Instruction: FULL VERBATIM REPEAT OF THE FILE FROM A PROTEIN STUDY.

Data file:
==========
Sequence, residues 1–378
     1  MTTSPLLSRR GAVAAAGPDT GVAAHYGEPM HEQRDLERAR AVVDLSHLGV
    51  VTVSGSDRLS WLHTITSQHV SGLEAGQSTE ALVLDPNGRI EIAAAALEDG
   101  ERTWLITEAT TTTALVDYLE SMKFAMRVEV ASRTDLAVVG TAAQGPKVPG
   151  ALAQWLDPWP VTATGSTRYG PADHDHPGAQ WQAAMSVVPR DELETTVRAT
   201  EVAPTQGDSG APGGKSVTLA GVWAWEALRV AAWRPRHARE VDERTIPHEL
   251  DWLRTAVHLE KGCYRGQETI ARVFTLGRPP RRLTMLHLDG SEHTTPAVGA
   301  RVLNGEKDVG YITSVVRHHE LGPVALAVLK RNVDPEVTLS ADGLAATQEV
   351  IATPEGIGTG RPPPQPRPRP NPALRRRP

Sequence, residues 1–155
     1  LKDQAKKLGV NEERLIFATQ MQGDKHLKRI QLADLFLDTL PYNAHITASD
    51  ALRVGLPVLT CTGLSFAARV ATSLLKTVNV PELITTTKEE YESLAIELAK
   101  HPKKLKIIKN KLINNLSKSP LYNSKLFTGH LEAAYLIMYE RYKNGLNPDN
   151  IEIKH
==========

Sequence, residues 1–378
     1  MTTSPLLSRR GAVAAAGPDT GVAAHYGEPM HEQRDLERAR AVVDLSHLGV
    51  VTVSGSDRLS WLHTITSQHV SGLEAGQSTE ALVLDPNGRI EIAAAALEDG
   101  ERTWLITEAT TTTALVDYLE SMKFAMRVEV ASRTDLAVVG TAAQGPKVPG
   151  ALAQWLDPWP VTATGSTRYG PADHDHPGAQ WQAAMSVVPR DELETTVRAT
   201  EVAPTQGDSG APGGKSVTLA GVWAWEALRV AAWRPRHARE VDERTIPHEL
   251  DWLRTAVHLE KGCYRGQETI ARVFTLGRPP RRLTMLHLDG SEHTTPAVGA
   301  RVLNGEKDVG YITSVVRHHE LGPVALAVLK RNVDPEVTLS ADGLAATQEV
   351  IATPEGIGTG RPPPQPRPRP NPALRRRP

Sequence, residues 1–155
     1  LKDQAKKLGV NEERLIFATQ MQGDKHLKRI QLADLFLDTL PYNAHITASD
    51  ALRVGLPVLT CTGLSFAARV ATSLLKTVNV PELITTTKEE YESLAIELAK
   101  HPKKLKIIKN KLINNLSKSP LYNSKLFTGH LEAAYLIMYE RYKNGLNPDN
   151  IEIKH